• Before moving to M Squared you were a Post-doctoral Researcher at the University of Glasgow with QuantIC. What is your best memory of working with the QuantIC team and how did your experience at QuantIC prepare you for working within industry?
I loved working in the Optics Group and with QuantIC and have too many good memories to pick only one. My research involved building unusual infrared cameras that could see through stuff or reveal invisible gases and 3D cameras that can map surfaces with millimetre accuracy at long range. These cameras and their impressive images allowed me to travel to showcase events and science festivals around the world and entertain large audiences of scientists, industry leaders, politicians, children and even astronaut Tim Peake. I feel very privileged to have had this experience. Being able to communicate effectively and connect with people from a range of backgrounds has certainly helped me in my current role. Most importantly, the research culture instilled an ability to work long hours on complex problems to get results - which is just as valuable in industry as it is in academia if you want to advance your career.
• What inspired you to get into the world of quantum physics?
The positive energy from Miles Padgett and the entire Optics Group. I did an undergraduate project in the Optics group on the orbital angular momentum of sound and before I knew it, I was working in the lab on the weekends, consumed by it. After completing my PhD in Astrophysics I had actually accepted a job at Dyson Research Labs but changed my mind and accepted a postdoc position with Miles to work in experimental quantum optics. Hard work and late nights in the lab with Miles and exceptionally smart colleagues resulted in a high-profile publication and this is how it continued for seven years!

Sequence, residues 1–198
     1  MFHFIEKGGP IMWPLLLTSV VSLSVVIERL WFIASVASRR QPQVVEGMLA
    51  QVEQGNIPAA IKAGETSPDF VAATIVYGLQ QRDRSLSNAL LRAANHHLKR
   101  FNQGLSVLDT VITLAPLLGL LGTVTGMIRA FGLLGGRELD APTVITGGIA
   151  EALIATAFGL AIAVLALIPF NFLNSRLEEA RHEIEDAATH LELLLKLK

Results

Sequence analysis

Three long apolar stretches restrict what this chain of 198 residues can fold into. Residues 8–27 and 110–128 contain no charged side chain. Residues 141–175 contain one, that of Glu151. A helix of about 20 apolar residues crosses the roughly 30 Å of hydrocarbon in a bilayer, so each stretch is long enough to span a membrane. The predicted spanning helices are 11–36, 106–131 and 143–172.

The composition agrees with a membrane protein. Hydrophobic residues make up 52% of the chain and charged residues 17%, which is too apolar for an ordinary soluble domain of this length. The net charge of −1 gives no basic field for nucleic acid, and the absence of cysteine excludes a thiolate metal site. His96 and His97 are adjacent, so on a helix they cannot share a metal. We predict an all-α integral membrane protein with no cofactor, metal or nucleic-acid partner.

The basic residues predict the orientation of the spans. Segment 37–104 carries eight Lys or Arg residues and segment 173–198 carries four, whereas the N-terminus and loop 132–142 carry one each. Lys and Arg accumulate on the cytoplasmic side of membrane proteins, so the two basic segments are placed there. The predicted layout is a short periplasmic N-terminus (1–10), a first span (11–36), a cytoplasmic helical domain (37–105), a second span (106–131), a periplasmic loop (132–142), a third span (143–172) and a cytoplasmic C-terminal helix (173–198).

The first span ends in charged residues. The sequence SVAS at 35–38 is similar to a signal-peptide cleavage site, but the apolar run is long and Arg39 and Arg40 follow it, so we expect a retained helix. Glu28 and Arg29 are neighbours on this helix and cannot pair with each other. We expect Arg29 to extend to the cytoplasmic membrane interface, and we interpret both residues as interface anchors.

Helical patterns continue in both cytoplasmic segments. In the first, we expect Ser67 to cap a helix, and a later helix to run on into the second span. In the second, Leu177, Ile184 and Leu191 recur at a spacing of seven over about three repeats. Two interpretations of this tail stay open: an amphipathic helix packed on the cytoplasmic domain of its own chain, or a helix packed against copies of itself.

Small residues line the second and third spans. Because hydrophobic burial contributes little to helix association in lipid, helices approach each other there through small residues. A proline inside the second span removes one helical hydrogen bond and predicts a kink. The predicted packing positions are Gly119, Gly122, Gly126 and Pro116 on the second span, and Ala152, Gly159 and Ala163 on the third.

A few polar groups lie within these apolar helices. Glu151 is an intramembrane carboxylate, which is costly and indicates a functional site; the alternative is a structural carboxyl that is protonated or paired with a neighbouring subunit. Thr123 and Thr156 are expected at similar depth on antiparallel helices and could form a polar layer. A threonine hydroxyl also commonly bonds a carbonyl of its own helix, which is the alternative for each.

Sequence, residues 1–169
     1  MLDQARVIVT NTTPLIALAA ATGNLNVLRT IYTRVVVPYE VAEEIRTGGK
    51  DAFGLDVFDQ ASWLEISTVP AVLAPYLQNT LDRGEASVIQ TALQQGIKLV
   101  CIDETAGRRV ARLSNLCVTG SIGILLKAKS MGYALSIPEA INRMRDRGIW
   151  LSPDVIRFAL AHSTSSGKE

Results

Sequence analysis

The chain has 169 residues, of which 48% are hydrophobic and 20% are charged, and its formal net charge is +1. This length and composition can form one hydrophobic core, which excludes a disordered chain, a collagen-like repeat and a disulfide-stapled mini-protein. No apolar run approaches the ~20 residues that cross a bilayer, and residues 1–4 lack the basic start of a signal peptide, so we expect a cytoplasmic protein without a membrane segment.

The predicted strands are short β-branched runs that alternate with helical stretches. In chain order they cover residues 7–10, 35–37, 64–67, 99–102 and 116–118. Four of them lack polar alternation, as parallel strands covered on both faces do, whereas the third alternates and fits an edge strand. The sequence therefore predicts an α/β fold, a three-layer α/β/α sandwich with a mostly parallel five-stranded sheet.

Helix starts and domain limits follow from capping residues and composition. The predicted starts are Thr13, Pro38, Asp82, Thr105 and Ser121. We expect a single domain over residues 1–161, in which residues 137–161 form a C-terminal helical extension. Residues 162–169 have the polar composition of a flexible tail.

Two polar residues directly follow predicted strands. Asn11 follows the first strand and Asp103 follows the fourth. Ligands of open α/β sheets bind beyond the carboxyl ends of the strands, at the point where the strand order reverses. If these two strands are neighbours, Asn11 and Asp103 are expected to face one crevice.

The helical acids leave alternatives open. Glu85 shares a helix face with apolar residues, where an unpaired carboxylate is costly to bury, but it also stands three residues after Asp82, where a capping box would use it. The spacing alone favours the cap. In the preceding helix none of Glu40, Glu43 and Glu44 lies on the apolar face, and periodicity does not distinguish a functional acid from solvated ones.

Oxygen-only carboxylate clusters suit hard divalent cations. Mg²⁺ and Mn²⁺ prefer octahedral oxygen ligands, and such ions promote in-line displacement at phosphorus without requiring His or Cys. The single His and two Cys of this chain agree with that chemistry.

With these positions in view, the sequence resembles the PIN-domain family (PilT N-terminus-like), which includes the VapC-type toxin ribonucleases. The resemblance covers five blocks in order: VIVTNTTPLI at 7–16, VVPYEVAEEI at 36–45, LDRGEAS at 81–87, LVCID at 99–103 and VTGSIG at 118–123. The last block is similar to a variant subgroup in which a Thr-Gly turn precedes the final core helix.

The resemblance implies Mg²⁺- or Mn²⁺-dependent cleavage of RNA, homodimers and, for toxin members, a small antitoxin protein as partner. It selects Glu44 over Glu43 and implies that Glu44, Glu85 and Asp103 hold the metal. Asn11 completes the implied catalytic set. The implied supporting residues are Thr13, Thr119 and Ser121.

• What advice would you give someone aspiring to work or study within the quantum technology sector?
If this is something that interests you, go for it. Your timing is perfect. There is an abundance of opportunities emerging right now for you. All the biggest technology companies are investing heavily into quantum technologies. All major countries are getting government backed funding into this emerging sector. The stage is set for a major breakthrough across a range of quantum applications, and it will likely be the most disruptive technology to emerge in our lifetime. It is hard to know what new quantum industries will exist in the future but they will depend on highly skilled scientists and engineers like you. On top of this, the skill set you acquire in the process will open a multitude of other career paths, so there is really nothing to lose. What are you waiting for?
This article was originally posted on the QuantIC website.